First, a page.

The current study was somewhat limited by its nature as a cross-sectional case series enrolling only Japanese subjects, all of whom were currently undergoing treatment with anti-glaucoma medication. Additionally, our finding that IOP contributed positively to wrgc was difficult to interpret. The major type of OAG in Japanese subjects, such as the ones in this study, is NTG, and the use of IOP-lowering medication in these subjects could have biased the results. Nevertheless, this study had a large study population, including 480 glaucoma subjects carefully selected by experienced glaucoma specialists, and used a multiple regression analysis, leading us to consider that our results lend sufficient support to our conclusion. Furthermore, our measurement technique was a notable part of this study. Measurement of oxidative stress markers in the blood is generally not a simple or straightforward process. Many pro- and anti-oxidants are relatively unstable, and a long delay between the collection of blood samples and measurement can affect the results. Here, we successfully used dROM and BAP to assess oxidative stress, taking advantage of the speed and simplicity of these biomarkers, which can provide results within 20 minutes with excellent reproducibility. Uric acid, an important antioxidant, is one of many contributors to BAP. Fang et al. reviewed several studies in which low uric acid serum levels were observed in patients with neurodegenerative diseases, suggesting that the antioxidant action of uric acid may play a role in preventing neurodegeneration. Nevertheless, there is a need for future research on uric acid, particularly its levels and actions in the serum, in order to clarify its contribution to BAP and to distinguish its role from that of lipophilic antioxidants, such as alpha tocopherol and ubiquinol, which are also important antioxidants that protect against glaucomatous damage in the retina. In the future, we hope to measure the levels of these antioxidants and analyze their association with glaucoma severity.

In conclusion, the current study produced evidence that systemic antioxidant potential is low in male OAG patients, and that antioxidant potential is positively correlated with wrgc in relatively younger male OAG patients. This lends support to the view that low systemic anti-oxidative levels and elevated oxidative stress are involved in the pathogenesis of glaucoma. Biomarkers of systemic oxidative stress should therefore be regarded as valuable sources of supplementary information in glaucoma care. We hope that our results will lay the groundwork for future research aiming to shed light on new antioxidant treatments for glaucoma.

Methods

Subjects

This was a prospective study of 240 consecutive Japanese patients with newly or previously diagnosed bilateral open-angle glaucoma, including 168 patients with NTG and 72 patients with POAG. The subjects were enrolled at the glaucoma subspecialty clinic of Tohoku University Hospital between April 2013 and March 2015. This study followed the tenets of the Declaration of Helsinki and was approved by the Ethics Committee of the Tohoku University School of Medicine (study 2014-1-836). Written informed consent was obtained from all participants before entry into the study. The control subjects were recruited from glaucoma-free patients who visited Tohoku University Hospital for surgical treatment of either unilateral cataract or epiretinal membrane (ERM). We selected the healthy contralateral eye of each subject for inclusion. If both eyes had cataracts or ERM, we selected the eye with better VA.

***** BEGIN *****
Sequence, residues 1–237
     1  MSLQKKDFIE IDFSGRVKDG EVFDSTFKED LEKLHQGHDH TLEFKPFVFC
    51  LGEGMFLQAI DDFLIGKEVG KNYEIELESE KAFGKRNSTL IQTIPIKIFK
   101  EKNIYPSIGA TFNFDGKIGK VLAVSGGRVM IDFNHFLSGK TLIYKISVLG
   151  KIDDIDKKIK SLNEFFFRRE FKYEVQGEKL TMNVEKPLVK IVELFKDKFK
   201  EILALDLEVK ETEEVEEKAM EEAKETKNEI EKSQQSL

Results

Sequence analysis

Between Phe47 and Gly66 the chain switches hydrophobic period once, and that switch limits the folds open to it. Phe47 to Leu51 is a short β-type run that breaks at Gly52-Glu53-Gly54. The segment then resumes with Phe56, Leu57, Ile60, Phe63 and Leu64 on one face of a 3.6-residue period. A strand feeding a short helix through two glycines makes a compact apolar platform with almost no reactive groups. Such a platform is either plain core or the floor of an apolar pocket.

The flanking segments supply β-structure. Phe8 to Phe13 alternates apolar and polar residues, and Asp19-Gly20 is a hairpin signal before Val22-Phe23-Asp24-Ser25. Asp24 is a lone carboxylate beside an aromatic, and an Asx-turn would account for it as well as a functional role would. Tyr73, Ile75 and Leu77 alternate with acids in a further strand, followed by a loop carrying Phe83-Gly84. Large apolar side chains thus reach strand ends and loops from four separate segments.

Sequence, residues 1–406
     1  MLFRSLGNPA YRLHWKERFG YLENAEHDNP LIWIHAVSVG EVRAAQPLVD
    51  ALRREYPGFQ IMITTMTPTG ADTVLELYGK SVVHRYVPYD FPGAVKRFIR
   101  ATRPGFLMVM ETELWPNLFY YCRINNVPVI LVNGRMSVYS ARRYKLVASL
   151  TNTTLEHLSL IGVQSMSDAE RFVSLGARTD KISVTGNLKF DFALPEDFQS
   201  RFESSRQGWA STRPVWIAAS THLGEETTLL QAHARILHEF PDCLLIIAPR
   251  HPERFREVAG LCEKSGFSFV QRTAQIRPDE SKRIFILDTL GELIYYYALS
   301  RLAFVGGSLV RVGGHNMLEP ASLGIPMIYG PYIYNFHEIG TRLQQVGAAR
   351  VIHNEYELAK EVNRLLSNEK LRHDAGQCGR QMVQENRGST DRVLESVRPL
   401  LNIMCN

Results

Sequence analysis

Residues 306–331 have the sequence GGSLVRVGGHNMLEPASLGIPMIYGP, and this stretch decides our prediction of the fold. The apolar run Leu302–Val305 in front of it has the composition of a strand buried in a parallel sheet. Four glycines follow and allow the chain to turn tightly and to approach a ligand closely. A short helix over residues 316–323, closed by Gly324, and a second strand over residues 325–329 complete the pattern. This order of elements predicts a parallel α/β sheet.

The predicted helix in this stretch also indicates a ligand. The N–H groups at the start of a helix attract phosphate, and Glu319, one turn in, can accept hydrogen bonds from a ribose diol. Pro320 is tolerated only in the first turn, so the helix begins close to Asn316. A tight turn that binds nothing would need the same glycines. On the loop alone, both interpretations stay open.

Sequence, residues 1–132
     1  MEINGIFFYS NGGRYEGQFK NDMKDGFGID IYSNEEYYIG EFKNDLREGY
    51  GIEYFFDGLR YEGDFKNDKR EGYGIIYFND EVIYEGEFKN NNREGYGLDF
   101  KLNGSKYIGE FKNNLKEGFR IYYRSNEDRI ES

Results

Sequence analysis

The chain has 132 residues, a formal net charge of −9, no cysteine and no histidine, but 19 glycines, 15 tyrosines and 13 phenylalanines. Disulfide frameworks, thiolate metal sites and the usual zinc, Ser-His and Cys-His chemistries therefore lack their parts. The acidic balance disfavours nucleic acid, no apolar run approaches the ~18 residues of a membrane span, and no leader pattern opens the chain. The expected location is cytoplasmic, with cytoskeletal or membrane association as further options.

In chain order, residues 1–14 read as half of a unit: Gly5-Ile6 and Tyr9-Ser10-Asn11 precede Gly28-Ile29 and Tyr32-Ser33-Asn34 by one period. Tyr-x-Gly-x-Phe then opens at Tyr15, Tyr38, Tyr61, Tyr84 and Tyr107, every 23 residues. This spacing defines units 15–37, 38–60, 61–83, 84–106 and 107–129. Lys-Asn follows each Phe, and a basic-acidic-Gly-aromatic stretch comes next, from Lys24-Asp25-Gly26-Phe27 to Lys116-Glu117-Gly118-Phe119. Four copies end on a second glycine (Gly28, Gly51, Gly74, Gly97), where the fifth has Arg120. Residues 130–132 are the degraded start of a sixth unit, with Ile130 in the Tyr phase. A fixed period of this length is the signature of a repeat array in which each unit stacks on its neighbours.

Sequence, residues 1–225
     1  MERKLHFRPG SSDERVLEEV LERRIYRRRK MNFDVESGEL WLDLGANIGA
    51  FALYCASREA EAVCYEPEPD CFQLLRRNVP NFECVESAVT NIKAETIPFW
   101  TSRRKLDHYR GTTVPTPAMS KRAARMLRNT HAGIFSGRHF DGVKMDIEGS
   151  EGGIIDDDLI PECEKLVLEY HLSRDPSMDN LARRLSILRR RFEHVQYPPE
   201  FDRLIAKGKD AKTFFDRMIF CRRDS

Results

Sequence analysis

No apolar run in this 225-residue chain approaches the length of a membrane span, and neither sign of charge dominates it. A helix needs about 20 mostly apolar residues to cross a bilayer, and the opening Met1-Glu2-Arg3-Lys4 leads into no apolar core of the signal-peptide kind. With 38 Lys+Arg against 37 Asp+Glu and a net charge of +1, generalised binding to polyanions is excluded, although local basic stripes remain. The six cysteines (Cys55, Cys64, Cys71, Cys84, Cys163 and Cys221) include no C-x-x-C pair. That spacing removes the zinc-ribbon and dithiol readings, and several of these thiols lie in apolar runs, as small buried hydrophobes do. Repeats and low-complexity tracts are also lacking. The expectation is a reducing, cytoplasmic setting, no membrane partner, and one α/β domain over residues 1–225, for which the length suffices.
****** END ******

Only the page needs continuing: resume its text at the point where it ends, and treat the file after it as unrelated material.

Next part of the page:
Recording clinical parameters

All subjects underwent a complete ophthalmic examination, including measurement of best-corrected visual acuity (log MAR: logarithm of the minimal angle of resolution), axial length, slit lamp biomicroscopy, gonioscopy, funduscopy, optical coherence tomography (3D-OCT 2000; TOPCON Corporation, Tokyo, Japan) measurement of cpRNFLT, and evaluation of the optic disc with a 90-diopter lens by a glaucoma specialist. Goldmann applanation tonometry measurement of intraocular pressure (IOP) was performed without interrupting any ongoing anti-glaucoma therapy. MD was measured with the Swedish interactive threshold algorithm-standard strategy of the 24-2 program of the HFA (Carl Zeiss Meditec, Dublin, CA). The eyes with better and worse MD were both included in the statistical analysis. Subjects were excluded if they had other ophthalmic conditions, such as any other type of secondary glaucoma, high myopia exceeding −8D, or hyperopia above +3D. Subjects were also excluded if they had a history of other conditions known to be associated with high levels of oxidative stress, such as cancer or systemic autoimmune disease. The presence or absence of diabetes, hyperlipidemia, and a current smoking habit were recorded before the samples were collected. The blood pressure of all subjects was recorded (all subjects had well controlled blood pressure).